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09-10-2012, 10:31 AM   #1
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Please explain AA filter and consequences of having/not having it.

While reading threads/posts on the "upcoming" and "rumoured" cameras, I often come across serious discussions about the need to keep or get rid of the AA filter for sharpness issues.
Then there is the "Moiré" pattern ... although not a scientist, I least I know what that in physics, a moiré pattern is an interference pattern, but that is the end of my knowledge as it applies to photography (the absence of an AA filter).

Can someone here offer a not-too-scientific explanation as to the "consequences" of not having an AA filter, in a way I can understand?

Under which type(s) of photography would one want no AA filter, for instance?
What sort of images would be positively/negatively impacted by the no-AA filter business?
Does the quality of the lens used make any difference IF the camera has no AA filter?

Cheers.

JP

09-10-2012, 10:45 AM   #2
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Here is an explanation and sample.

Understanding Digital Camera Sensors
Images with small-scale detail near the resolution limit of the digital sensor can sometimes trick the demosaicing algorithm—producing an unrealistic looking result. The most common artifact is moiré (pronounced "more-ay"), which may appear as repeating patterns, color artifacts or pixels arranges in an unrealistic maze-like pattern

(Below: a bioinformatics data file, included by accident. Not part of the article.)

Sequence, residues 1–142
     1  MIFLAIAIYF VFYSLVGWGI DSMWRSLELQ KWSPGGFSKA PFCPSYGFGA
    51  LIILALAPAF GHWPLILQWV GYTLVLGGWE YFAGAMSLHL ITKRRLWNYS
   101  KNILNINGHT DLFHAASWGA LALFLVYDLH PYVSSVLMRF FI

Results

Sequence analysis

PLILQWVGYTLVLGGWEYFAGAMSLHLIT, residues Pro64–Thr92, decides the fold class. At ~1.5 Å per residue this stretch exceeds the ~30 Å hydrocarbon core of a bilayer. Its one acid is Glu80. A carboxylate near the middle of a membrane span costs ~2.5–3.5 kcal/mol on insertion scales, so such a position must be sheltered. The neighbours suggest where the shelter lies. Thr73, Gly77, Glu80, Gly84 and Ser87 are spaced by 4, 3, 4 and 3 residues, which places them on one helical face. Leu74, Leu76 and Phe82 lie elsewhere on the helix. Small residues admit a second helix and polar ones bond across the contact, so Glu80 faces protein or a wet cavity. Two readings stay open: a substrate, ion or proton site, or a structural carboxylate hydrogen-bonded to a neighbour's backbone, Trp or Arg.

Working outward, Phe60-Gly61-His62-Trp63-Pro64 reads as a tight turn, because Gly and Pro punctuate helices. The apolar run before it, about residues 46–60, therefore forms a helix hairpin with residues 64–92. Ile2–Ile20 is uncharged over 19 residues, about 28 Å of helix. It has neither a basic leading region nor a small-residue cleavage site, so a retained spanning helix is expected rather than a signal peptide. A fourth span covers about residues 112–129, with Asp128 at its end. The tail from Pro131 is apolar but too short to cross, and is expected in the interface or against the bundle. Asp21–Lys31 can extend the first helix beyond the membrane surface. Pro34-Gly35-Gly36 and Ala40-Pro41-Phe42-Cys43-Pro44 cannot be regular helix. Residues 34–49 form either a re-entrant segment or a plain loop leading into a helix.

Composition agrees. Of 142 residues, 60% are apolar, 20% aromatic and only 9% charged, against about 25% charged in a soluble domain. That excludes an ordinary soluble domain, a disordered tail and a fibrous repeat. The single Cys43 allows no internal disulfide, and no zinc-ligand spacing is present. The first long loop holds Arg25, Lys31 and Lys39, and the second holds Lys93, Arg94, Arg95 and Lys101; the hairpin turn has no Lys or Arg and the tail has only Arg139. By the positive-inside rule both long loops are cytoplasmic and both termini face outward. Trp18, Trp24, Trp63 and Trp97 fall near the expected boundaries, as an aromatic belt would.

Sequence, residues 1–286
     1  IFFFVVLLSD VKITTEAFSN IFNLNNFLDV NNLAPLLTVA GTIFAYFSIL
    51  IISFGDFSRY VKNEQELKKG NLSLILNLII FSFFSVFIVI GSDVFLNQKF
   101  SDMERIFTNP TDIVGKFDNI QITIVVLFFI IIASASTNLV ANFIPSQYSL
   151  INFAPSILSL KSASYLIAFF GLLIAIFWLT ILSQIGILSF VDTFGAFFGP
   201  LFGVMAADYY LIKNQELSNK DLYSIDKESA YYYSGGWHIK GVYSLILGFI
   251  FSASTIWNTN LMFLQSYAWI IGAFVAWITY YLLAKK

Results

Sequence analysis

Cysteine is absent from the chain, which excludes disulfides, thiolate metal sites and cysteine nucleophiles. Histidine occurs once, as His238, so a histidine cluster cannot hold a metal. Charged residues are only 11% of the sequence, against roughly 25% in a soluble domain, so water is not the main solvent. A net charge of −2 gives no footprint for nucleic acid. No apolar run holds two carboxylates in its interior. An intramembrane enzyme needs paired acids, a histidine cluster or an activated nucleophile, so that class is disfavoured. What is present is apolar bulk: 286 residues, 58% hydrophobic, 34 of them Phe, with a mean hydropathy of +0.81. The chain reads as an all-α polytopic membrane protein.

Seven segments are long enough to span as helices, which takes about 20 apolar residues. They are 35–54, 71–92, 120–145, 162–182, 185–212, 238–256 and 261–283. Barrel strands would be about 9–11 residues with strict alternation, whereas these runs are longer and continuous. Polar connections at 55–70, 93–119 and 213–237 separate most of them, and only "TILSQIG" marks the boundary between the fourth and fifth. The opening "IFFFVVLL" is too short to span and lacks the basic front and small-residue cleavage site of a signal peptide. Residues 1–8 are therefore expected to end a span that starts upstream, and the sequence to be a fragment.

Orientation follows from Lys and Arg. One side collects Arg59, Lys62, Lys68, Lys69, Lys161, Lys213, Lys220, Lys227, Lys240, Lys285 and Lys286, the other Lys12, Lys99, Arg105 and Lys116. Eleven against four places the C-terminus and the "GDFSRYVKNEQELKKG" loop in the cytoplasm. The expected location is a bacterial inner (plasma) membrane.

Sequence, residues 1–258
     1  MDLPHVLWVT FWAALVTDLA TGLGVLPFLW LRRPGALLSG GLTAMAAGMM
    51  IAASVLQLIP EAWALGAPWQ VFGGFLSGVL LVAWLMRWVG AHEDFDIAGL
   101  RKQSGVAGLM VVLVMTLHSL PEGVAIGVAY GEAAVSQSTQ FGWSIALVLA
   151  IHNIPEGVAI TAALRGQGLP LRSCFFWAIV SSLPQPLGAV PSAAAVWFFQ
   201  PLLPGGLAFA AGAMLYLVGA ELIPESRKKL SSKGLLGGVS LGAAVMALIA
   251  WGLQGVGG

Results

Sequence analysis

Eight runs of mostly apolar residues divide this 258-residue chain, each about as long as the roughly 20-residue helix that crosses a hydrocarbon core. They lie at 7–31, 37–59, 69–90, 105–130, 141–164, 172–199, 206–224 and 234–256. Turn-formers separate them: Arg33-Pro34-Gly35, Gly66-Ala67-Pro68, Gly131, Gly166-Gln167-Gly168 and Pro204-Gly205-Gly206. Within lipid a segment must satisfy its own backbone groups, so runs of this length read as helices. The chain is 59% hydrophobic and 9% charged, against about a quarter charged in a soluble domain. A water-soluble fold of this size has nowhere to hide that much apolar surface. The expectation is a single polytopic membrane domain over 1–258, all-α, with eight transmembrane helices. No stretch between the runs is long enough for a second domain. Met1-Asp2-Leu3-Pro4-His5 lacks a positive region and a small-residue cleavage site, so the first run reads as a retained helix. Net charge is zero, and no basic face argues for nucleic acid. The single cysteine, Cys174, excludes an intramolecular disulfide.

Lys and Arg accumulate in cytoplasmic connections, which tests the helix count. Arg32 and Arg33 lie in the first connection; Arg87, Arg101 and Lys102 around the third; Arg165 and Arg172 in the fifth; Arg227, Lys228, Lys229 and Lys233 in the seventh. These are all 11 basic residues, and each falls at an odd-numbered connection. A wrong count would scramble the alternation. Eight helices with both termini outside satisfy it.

Basically there isn't enough information for the smaller details to resolve, the information is only captured with for example blue and green pixel but not the red so you're missing colour information which can lead faulty "pixel" with moire you've a pattern that goes across the image, brick wall for example so the error occurs repeatedly creating a false incorrect pattern of wrong pixels.
That why AA filter is used to blur the image slightly so that the smaller details is spread out over more pixels.

Negative impact of such filter is that the image is ever so slightly blurred but you don't get strange patterns or wrong colours.


If i understand it correctly the need for AA filter gets smaller the higher the pixel count but i can be wrong.
09-10-2012, 10:49 AM   #3
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QuoteOriginally posted by Anvh Quote
If i understand it correctly the need for AA filter gets smaller the higher the pixel count but i can be wrong.
That is correct.

Nikon D800 D-SLR Camera | High Dynamic Range Camera

Scroll down to the bottom - there's a guide as to whether you want an AA filter or not.
09-10-2012, 10:58 AM   #4
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Moire patterning occurs when the image contains fine lines (such as in fabrics) that are spaced by about one pixel from each other in the image, causing false color due to the lines being resolved as different colors through the Bayer color filter array used on almost all image sensors (a notable exception being Foveon). The low-pass filter suppresses moire patterning by applying a subtle directional blur to the image. This slightly reduces image sharpness, but reduces the incidence of distracting moire and false color. Removing the low-pass filter (or reversing its effects, as in the Nikon D800E) increases sharpness so that the maximum resolution can be achieved. However, if you're shooting fabrics or other subjects that can trigger moire patterning, you'll need to remove the moire in post-processing. Most digital cameras have low-pass filters; however, medium-format digital cameras generally do not have low-pass filters to ensure that the highest level of detail is captured. Nikon explains this in further detail here.